According to Peskin & Schroeder (page 325), the Feynman rule for the counterterm



$$ \frac12 \delta_Z(\partial_\mu\phi_r)^2-\frac12\delta_m \phi_r^2$$

being $\phi_r$ the renormalized field, is given by


which resembles rather the (multiplicative) inverse of the propagator for the original Lagrangian (whith physical quantities). Why?

  • 3
    $\begingroup$ because this term is taken as an interaction term rather than a free term. $\endgroup$
    – Jia Yiyang
    Commented Nov 7, 2013 at 10:24

3 Answers 3


Counter Term Feynman Rules

A counter term in a Lagrangian is interpreted as an interaction, and the Feynman rules may be derived by the Feynman path integral in the standard way. This accounts for the factor of $i$ and the functional derivatives will take care of the factor of $\frac12$.

Just like in $\frac{\lambda}{4!}\phi^4$ theory we have a $-i\lambda$ Feynman rule, with $\frac{\delta_m}{2}\phi^2$ we have a $-i\delta_m$ Feynman rule. In addition, derivatives of fields give rise to momenta: $(\partial \phi)^2 \mapsto p^2$. So the overall counter term is,


The key is, if in doubt, always check things explicitly by treating the terms as interactions in the Feynman path integral.

Alternative Method

I highly recommend Collins' book on renormalisation for a method of renormalisation which dispenses with a Lagrangian and is ideal for systematically computing diagrams. This involves a combination of the BPHZ method and dimensional regularisation.

Essentially, the Zimmermann forest formula generates all the counter term graphs. Then instead of inserting Feynman rules, you insert a particular 'subtraction' operator to remove the divergences.

Of course, this can be related back to a Lagrangian by considering what the Feynman rules would read, and equating the two results to find the counter terms to whatever order you need.

  • 1
    $\begingroup$ For anybody else reading this in the future, both the OP and @JamalS are using the $(+---)$ metric signature, which you can tell by the fact that in the original post the kinetic term is $+\frac{1}{2}(\partial\phi)^2$. The $(\partial_0\phi)^2$ term must be positive. Had they chosen the $(-+++)$ signature, the counterterm would be $-i\left( p^2\delta_Z +\delta_m \right)$. (sorry, that sign was causing me some issues :). $\endgroup$ Commented Feb 26, 2019 at 22:03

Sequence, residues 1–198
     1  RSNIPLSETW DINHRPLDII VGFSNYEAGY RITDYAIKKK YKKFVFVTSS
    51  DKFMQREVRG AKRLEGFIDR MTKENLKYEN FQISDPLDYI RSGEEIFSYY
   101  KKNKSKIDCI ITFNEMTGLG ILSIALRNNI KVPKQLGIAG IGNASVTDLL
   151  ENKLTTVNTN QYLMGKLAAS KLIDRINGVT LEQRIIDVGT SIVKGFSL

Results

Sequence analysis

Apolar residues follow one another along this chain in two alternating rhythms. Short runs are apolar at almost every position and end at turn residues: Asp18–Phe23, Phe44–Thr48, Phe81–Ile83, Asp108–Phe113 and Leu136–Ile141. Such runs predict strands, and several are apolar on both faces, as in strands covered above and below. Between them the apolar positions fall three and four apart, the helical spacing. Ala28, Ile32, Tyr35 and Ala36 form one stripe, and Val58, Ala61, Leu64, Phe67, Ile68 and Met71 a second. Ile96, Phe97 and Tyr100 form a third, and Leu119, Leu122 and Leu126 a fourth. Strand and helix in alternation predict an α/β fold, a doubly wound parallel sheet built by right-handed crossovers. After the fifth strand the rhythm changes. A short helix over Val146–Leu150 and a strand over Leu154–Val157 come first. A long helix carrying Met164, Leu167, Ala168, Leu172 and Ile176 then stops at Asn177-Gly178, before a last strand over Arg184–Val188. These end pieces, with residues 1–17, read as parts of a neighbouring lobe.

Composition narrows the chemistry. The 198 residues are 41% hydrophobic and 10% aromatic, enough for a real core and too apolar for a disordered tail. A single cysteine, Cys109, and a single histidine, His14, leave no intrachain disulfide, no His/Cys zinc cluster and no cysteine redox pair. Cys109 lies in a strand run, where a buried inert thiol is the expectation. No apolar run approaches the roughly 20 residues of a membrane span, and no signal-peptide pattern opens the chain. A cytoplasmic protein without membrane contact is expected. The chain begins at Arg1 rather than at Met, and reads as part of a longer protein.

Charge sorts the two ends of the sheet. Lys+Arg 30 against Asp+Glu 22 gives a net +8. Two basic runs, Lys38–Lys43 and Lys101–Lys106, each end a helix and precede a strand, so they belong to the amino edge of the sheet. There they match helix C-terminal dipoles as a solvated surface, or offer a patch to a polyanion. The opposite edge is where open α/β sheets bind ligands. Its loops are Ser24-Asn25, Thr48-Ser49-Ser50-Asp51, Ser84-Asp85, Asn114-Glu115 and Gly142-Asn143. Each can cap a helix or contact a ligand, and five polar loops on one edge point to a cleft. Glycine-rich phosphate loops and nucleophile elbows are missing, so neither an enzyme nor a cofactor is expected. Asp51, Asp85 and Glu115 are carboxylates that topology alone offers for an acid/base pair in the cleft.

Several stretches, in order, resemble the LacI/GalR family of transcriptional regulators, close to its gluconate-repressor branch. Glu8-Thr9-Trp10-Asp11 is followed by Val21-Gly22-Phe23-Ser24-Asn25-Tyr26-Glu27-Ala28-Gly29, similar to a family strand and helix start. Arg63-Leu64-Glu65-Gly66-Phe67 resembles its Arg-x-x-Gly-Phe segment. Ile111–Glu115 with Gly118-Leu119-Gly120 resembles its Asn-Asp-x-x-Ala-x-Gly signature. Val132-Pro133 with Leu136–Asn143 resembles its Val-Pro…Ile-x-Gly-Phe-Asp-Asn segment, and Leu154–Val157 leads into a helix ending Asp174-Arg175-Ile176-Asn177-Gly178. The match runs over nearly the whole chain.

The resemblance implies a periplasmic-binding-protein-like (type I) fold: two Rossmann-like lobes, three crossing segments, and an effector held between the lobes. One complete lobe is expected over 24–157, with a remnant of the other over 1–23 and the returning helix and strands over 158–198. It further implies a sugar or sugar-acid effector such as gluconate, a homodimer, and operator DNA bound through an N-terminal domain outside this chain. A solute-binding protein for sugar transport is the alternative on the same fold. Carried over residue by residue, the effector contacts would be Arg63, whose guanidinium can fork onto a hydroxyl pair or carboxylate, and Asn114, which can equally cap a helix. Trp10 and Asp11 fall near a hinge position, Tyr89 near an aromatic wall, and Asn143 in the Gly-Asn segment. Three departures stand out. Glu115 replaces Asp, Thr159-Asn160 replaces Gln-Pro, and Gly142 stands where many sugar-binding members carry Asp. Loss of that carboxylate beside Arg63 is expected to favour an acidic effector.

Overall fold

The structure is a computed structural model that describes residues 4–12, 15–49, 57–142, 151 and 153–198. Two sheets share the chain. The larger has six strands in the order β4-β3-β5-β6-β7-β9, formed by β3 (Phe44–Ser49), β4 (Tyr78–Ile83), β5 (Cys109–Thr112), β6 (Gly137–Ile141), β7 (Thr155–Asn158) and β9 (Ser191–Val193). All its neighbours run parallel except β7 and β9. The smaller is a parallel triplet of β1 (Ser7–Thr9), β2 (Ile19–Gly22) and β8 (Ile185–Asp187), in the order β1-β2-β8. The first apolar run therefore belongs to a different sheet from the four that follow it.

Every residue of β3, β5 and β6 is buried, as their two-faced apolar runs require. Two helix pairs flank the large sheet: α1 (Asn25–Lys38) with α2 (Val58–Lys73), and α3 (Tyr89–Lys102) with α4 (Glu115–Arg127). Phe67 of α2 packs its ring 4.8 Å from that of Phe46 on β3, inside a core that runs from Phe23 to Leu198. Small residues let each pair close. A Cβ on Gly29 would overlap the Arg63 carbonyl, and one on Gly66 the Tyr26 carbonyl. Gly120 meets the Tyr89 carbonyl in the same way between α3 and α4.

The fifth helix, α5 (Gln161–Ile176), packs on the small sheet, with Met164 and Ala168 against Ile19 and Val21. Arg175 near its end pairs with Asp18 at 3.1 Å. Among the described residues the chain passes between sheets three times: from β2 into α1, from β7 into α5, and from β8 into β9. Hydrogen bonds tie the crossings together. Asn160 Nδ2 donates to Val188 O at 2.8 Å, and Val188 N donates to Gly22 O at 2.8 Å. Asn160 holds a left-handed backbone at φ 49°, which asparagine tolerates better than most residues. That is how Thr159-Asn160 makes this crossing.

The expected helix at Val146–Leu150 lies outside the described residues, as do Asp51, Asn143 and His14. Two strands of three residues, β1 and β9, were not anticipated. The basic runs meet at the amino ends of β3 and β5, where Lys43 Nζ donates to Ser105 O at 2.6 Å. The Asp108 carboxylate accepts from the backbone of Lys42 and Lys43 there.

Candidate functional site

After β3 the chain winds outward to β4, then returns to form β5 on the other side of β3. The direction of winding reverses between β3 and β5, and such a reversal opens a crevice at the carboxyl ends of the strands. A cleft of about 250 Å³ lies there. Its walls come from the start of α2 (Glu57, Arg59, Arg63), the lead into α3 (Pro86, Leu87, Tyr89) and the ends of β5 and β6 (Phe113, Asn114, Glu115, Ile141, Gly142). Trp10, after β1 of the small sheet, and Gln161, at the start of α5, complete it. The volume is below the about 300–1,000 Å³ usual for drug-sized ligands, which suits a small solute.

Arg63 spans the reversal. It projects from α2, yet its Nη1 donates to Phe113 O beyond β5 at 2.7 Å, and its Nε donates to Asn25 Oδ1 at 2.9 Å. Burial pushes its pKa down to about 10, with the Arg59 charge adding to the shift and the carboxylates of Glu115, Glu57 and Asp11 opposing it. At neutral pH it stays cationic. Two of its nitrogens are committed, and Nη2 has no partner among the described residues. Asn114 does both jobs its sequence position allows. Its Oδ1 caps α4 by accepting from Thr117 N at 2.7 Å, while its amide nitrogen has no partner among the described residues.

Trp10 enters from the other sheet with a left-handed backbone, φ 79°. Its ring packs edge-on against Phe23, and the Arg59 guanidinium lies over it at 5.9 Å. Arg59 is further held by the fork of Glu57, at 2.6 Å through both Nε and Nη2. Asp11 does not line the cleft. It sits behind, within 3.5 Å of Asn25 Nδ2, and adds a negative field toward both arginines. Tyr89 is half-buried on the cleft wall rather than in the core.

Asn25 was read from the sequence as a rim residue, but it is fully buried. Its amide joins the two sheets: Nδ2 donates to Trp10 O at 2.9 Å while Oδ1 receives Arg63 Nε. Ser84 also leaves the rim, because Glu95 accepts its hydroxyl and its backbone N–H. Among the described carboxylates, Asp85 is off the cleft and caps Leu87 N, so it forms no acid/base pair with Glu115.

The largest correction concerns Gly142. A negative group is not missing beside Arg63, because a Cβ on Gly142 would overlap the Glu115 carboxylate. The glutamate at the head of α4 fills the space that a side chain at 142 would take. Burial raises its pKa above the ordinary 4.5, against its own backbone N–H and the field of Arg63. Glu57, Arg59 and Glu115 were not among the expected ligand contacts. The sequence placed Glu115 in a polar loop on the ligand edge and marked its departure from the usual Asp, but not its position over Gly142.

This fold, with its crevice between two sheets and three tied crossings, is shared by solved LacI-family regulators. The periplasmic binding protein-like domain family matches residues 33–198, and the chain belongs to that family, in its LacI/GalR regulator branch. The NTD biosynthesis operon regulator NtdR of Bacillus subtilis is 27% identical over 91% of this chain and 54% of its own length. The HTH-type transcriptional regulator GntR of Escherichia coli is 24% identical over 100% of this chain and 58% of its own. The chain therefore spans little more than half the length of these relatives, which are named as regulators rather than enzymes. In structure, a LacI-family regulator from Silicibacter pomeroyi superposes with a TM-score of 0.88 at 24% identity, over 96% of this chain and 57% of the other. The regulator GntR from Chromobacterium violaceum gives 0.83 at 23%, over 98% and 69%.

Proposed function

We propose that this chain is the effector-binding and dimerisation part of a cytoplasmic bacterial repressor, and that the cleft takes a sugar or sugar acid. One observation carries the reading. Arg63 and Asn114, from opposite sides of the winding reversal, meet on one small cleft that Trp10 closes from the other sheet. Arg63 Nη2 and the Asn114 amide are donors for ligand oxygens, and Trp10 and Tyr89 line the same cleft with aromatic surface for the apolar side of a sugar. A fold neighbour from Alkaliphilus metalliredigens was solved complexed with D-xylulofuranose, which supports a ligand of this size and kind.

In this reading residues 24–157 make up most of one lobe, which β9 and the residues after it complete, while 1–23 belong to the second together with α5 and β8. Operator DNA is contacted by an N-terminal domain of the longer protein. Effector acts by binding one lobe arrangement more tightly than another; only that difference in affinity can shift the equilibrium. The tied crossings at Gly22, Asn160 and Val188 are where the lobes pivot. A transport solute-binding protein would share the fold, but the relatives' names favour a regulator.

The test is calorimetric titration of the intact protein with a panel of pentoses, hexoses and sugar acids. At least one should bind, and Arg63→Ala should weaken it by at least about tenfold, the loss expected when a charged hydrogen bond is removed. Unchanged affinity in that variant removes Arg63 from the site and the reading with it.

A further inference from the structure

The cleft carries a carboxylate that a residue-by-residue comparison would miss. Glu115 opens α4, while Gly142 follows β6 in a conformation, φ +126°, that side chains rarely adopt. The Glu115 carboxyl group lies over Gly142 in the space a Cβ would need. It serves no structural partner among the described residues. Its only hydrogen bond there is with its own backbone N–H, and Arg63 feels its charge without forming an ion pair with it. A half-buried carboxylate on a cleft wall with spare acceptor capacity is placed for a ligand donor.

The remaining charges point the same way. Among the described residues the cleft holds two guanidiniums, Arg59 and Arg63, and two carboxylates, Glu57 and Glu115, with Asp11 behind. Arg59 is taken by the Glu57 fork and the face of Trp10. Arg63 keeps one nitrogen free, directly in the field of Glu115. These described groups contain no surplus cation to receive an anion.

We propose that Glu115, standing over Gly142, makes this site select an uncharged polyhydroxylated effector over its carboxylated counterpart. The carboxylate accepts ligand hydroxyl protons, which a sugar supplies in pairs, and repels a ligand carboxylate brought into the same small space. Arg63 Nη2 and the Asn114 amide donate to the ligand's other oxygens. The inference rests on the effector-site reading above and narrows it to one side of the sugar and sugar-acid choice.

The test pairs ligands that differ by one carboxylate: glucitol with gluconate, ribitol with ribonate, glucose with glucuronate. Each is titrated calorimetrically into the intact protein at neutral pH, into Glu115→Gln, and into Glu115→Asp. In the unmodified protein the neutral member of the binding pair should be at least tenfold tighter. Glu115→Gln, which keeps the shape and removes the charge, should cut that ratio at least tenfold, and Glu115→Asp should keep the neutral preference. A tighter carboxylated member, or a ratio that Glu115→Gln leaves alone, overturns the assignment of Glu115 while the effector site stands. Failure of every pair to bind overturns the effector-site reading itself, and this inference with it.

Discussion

• $\begingroup$ @ArturodonJuan It’s the signature used most in QFT (not counting string theory as QFT). $\endgroup$
    – JamalS
    Commented Feb 28, 2019 at 13:34
  • $\begingroup$ I've heard that before but honestly I don't think it's true. I'm pretty sure in modern formal QFT research (that actually works in Minkowski, or locally Minkowski, space) the convention is the mostly-plus metric. Probably the people that would use the mostly-minus metric are phenomenologists that aren't actually doing loop calculations, where the other metric is obviously better. $\endgroup$ Commented Feb 28, 2019 at 18:42
  • $\begingroup$ @ArturodonJuan "Actually works in Minkowski"? What? I have done plenty of loop calculations and either signature makes really no difference. Choices of gauge and regularisation are more impactful. $\endgroup$
    – JamalS
    Commented Feb 28, 2019 at 23:02
  • $\begingroup$ I'm talking about Euclideanizing momentum integrals of course, which has one less factor of $-1$ in the mostly plus metric. Also in quantum gravity or supergravity (not necessarily string theory), the mostly plus metric makes more sense - which I don't think you were debating. But you're definitely right about the choice of gauge and regularization scheme being much more impactful, which is why (I think) most people choose Feynman gauge and dimensional regularization when doing loop calculations. $\endgroup$ Commented Mar 2, 2019 at 19:28

Thee diverging terms for the propagator come from the renormalization of the self-energy $\Sigma$, defined by $G^{-1}=G_0^{-1}-\Sigma$, where $G_0$ is the propagator defined by the Lagrangian (i.e. bare propagator + counterterms) :

$G^{-1}_0=(1+\delta Z)p^2+(m^2_0+\delta m^2)$.

One chooses the counterterms to cancel the divergences coming from $\Sigma$ order by order. If the theory is perturbatively renormalizable, only these two counterterms are sufficient at every order in perturbation theory.


I also found it hard to find a rigorous explanation. By dimensional analysis and explicit checking you indeed find that this is the correct Feynman rule for the counterterm.

The closest thing I have to a derivation is that we can include the counterterm in the kinetic term and expand this full propagator for small $\delta Z$

$ G = \frac{i}{(1+\delta Z)p^2+m^2} \approx \frac{1}{p^2+m^2}-\frac{\delta Z}{(p^2+m^2)^2} + ...$.

I think that not including the $(p^2+m^2)^2$ term in the Feynman rule is correct since this counterterm gets treated as an (amputated) vertex. A four point function similarly does not include 4 propagator factors in its feynman rule.

I do not know why I get a different sign than Peskin & Schroeder.

Also, the expansion is questionable because $\delta Z$ is in fact infinite as opposed to small.


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